Media Business Strategies

The Blog of David Polakoff

The Tail That Wags The (Well) Dog(gie)

Posted by David Polakoff on August 18, 2015

The Windmills of My Immediate Mind

Media Business Strategies – David Polakoff

“The Tail That Wags The (Well) Dog(gie)”

Investment in New Media, Alone, Won’t Rejuvenate Traditional Media


Jed Clampett disclaimed, “Well doggie,” to things amazing, remarkable, or enlightening,” in The Beverly Hillbillies. It is not that amazing that traditional media companies have invested in digital media, as there are many reasons for mature companies to purchase/invest in new companies causing tremors in their sector’s space. But if the cable, programming, and broadcast channel companies think that buying the digital companies, that are grabbing the eyeballs and ad/subscription dollars, will be the tail that wags the (well) dog(gie), then I’ll again invoke Jed Clampett, that’s “Like trying to poke a cat out from under a porch with a wet rope.”

A&E invested in Vice. NBCU/Comcast invested in Buzzfeed and Vox, “The Daily Mail” invested in Elite Daily, 21st Century Fox invested in Vice, Disney bought Maker Studios, Dreamworks Animation and Hearst bought AwesomenessTV, The Chernin Group and AT&T own Fullscreen, and the list continues.

Investments and purchases, such as the aforementioned, can be for a host of reason(s): garnering a return on the investment; acquiring intellectual property; harnessing brainpower of founders, management, and staff; seeking operational synergies; expanding top-line revenue and bottom line profit; expanding or preserving market share; gaining marketplace negotiating leverage; preempting a competitor move; quashing a competitor; etc. It is by no means a guarantee that any of these goal(s) will be achieved, as history has shown. Many times, what looks good on paper does not materialize, again for many reasons, but one in particular, when the corporate machine injects itself into a completely different digital media culture, thus suffocating and stifling momentum, drive, morale, and innovation. Founders and senior managers in nimble environments, who enjoyed relative autonomy, find themselves hamstrung and restricted. But, I digress.

In the current investment/purchase environment, big media companies are following their own current and lost, potential audiences to “where the fish are fishing,” on alternative platforms and in alternative forums. These investments are not bad ideas, unless the logic has to do with the thought of “osmosis” through acquisition. In other words, if big media thinks their “tried and true” content, distribution, marketing, and revenue model will be rejuvenated from inviting new media and traditional media to the same corporate conference room table, with cookies, fresh fruit, and coffee and tea selections, they’re dreaming of “shooting at some food” and hoping “up will come, bubblin’ crude (again, props to Jed Clampett).” What is needed is a revamping of the existing cable and network television business to adjust, modify, and transform to current consumer expectations and habits.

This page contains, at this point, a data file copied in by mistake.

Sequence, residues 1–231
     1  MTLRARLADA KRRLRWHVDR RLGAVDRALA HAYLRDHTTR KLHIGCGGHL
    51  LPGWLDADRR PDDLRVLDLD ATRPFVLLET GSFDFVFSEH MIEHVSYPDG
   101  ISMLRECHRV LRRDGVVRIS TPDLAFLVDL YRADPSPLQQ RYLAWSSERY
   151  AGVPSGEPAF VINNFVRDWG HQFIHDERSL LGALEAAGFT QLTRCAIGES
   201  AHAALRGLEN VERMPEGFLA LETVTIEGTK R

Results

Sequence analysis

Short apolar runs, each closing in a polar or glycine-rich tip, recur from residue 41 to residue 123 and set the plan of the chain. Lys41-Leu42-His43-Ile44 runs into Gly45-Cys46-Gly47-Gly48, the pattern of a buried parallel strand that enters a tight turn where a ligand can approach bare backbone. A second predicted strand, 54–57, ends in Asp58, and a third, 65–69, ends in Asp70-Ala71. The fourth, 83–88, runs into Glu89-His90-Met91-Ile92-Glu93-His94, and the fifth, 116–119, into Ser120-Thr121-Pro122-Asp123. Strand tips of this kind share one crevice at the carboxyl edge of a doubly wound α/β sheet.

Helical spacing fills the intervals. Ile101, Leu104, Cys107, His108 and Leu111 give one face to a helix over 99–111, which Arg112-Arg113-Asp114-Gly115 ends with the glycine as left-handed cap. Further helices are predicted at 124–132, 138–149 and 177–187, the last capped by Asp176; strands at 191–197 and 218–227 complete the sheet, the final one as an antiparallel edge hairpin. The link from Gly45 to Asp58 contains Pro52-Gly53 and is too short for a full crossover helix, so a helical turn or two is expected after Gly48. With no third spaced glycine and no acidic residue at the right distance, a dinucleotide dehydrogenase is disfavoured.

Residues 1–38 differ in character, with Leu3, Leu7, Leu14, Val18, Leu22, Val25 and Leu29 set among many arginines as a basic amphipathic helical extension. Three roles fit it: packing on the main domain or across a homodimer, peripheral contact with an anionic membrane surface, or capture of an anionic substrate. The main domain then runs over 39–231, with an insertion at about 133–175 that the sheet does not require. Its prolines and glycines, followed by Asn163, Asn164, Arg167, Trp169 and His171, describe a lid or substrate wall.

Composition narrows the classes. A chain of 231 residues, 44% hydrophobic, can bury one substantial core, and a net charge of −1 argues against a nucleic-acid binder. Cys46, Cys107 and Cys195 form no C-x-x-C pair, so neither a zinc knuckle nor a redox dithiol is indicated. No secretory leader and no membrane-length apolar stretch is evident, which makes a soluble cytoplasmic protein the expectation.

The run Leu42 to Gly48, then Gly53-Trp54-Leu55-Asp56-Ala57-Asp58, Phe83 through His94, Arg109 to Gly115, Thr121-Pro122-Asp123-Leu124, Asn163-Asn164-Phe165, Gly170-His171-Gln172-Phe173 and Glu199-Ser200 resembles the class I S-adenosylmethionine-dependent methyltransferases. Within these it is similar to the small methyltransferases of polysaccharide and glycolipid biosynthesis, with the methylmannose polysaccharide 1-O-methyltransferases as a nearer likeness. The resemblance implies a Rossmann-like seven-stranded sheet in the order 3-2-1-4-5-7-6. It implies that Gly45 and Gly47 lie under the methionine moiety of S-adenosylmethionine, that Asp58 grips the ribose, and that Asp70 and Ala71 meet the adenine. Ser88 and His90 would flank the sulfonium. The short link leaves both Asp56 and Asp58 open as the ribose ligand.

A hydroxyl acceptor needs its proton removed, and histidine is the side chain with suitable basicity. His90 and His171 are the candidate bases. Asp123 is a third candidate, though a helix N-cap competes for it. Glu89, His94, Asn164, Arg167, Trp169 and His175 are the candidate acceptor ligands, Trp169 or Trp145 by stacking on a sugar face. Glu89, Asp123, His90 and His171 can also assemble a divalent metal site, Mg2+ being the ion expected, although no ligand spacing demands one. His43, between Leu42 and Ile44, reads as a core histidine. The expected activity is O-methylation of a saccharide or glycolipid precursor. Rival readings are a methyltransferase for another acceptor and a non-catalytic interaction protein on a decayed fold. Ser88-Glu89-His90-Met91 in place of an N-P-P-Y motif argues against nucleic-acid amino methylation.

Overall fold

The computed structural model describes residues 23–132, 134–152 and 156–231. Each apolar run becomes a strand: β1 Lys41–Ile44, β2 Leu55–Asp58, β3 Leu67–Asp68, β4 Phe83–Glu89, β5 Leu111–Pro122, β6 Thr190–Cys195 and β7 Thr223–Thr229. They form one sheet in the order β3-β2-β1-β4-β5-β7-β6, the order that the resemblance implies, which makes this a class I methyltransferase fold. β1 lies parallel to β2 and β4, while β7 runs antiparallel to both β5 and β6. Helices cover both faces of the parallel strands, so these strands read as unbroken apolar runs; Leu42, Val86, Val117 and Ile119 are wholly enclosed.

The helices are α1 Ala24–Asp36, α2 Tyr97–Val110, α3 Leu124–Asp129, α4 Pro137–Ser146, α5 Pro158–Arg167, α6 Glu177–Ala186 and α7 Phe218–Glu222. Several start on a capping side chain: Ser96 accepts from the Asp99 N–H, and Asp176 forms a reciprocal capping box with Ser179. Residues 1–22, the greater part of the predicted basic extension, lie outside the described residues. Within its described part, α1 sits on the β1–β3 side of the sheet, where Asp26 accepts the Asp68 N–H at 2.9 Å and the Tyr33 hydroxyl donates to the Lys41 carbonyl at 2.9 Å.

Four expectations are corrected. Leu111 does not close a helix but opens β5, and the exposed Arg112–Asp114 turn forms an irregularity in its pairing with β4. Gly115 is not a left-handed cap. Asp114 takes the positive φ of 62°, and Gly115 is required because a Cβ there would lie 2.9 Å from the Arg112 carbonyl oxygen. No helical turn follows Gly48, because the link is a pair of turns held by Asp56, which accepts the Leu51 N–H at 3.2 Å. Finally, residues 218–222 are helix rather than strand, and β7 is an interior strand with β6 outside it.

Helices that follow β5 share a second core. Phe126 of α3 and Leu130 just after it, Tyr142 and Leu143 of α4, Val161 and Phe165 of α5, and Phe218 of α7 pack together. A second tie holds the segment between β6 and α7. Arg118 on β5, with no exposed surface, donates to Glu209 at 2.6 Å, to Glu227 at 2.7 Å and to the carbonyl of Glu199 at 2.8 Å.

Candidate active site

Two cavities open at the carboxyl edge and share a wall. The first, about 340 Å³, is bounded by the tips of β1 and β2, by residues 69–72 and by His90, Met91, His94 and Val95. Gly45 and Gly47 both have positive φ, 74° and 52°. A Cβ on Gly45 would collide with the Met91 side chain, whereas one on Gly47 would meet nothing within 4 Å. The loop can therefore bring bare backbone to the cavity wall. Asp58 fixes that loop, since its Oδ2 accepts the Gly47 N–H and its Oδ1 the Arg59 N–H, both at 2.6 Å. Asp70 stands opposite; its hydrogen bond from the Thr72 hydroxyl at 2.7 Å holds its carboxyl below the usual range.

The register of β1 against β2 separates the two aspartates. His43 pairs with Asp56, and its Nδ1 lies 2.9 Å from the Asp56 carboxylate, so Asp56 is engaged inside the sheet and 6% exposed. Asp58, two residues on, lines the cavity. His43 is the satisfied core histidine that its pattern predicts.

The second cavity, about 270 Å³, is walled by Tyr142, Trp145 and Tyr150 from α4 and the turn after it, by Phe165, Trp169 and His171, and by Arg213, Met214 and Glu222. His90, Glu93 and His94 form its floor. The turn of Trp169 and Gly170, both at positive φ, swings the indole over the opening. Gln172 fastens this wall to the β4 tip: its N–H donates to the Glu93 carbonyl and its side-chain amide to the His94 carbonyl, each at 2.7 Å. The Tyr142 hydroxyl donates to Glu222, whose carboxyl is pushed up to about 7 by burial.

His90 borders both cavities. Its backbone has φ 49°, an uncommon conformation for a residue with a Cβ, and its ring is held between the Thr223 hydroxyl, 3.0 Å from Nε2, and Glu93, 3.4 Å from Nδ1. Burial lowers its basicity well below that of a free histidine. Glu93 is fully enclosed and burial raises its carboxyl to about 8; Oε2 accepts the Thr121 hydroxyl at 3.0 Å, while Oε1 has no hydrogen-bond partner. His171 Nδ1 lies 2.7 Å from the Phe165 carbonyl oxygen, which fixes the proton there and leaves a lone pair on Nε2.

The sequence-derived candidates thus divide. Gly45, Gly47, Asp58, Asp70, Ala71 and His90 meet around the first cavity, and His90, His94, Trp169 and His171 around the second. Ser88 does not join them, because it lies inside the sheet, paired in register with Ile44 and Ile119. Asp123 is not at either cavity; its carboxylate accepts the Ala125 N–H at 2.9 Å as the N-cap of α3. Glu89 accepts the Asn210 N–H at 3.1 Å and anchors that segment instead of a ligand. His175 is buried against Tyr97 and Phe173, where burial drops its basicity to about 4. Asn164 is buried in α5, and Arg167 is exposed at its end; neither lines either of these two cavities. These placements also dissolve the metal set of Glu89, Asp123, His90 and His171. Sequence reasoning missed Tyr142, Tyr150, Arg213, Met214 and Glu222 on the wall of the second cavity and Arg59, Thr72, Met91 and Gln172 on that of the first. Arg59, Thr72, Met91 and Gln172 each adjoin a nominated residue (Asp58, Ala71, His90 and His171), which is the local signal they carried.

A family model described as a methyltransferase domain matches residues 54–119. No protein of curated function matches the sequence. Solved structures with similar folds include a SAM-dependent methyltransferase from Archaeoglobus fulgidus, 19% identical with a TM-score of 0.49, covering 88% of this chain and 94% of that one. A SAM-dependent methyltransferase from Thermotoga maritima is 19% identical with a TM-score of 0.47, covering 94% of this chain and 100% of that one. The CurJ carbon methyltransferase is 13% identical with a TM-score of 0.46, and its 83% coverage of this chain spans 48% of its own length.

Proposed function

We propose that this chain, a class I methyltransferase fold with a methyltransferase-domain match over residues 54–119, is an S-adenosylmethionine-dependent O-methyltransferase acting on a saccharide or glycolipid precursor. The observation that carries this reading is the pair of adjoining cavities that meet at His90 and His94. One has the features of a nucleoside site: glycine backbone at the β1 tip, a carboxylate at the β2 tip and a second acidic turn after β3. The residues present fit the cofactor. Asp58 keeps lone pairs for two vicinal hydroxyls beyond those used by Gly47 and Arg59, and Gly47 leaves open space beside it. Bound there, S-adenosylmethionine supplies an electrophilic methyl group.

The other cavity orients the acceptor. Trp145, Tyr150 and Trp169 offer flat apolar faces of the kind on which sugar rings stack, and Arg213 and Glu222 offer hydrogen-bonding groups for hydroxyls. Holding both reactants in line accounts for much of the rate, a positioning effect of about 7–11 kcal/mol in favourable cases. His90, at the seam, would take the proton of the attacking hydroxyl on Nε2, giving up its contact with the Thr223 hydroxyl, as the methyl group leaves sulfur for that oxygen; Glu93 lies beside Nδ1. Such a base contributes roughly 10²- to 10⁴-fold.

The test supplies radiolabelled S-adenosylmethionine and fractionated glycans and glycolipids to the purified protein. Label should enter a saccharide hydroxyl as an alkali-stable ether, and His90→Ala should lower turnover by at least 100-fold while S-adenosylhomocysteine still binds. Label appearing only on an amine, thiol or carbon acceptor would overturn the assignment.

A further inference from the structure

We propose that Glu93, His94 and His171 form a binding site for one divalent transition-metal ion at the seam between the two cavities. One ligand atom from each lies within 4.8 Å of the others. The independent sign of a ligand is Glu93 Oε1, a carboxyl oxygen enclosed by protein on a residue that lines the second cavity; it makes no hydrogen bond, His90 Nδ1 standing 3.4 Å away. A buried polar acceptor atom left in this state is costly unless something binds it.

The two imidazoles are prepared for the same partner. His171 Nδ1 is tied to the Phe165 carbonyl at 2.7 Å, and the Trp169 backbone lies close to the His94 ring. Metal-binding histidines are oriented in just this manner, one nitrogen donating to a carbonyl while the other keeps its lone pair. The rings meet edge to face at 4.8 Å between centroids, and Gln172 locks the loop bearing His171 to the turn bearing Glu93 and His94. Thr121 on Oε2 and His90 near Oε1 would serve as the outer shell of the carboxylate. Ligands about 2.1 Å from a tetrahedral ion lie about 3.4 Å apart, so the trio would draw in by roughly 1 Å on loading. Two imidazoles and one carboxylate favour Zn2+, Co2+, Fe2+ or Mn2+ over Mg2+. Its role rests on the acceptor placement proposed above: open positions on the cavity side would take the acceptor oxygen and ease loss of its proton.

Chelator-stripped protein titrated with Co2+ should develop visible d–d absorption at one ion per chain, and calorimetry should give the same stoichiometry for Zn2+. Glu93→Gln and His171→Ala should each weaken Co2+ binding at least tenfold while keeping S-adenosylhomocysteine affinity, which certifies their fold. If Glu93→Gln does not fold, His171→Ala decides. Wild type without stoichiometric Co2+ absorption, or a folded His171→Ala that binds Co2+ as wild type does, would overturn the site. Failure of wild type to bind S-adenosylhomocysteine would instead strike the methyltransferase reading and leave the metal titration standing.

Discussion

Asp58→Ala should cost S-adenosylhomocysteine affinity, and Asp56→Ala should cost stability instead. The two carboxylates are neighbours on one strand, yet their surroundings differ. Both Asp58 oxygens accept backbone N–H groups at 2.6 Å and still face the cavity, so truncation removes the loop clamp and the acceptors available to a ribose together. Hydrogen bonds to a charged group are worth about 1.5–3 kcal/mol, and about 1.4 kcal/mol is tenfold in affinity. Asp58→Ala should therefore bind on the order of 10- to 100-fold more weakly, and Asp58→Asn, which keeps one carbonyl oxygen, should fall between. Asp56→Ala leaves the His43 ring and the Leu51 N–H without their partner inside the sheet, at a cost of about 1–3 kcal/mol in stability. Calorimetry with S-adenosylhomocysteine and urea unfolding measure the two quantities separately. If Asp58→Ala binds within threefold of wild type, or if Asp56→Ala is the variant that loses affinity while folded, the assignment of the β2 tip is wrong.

In about 1969-1970 and 1970-1971, rural shows ruled the three broadcast networks, especially CBS. With these shows (The Beverly Hillbillies, Mayberry RFD, Hee-Haw, Green Acres, etc.) at the top of the ratings, the networks purged them because the audience was skewing older than advertisers targeted and because those shows didn’t reflect current American society. So, the shows were axed and replaced by fare that included M*A*S*H, All in the Family, One Day at a Time, The Mary Tyler Moore Show, etc. And, with this leap of faith in cancelling top rated shows, the networks survived and thrived with the new fare. True, that quick change was less risky in a three network environment, but the point is that bold, courageous, and leading changes were made to keep the networks ahead of the curve.

The current audience is scattering through the ease of and satisfaction with alternative content, the successful acceptance of variations on business models, results of marketing innovations, and technology. Acquiring the hot, new content/tech companies requires risk taking and leadership. The same risk taking mentality needs to also be applied to existing cable and broadcast channel businesses in an expedient and calculated fashion. Proactive change has proven to be cutting edge and innovative in the television world. Those that have proven adept, in the past, remain the leaders of today. There is no time for industry wide malaise. Quick and nimble innovation is required from within; it won’t necessarily be achieved by acquiring entrepreneurial companies hoping to brain suck from them. It will require traditional companies moving and shaking. By moving the original Clampett, one room home from Bug Tussle and putting it on the Beverly Hills property of the Clampett mansion, you didn’t improve the value and appeal of the Bug Tussle home.

The slow pace of change we, as consumers, and we, as media industry participants, are seeing has me “More scared than a long tailed cat in a room full of rocking chairs (Jed Clampett).”


Media Business Strategies is the blog/website of David Polakoff, a New York based, Media & Entertainment Industry Financial Executive.

David Polakoff’s media/entertainment industry experience and expertise results from his tenures in senior financial and development roles with: Ernst & Young, HBO/Time Warner, Granada America/itv plc, independent consulting, and multi-channel network, Iconic Entertainment, Inc.  Currently, David provides financial, operational, and strategic services to media/entertainment companies.  Read more in About.

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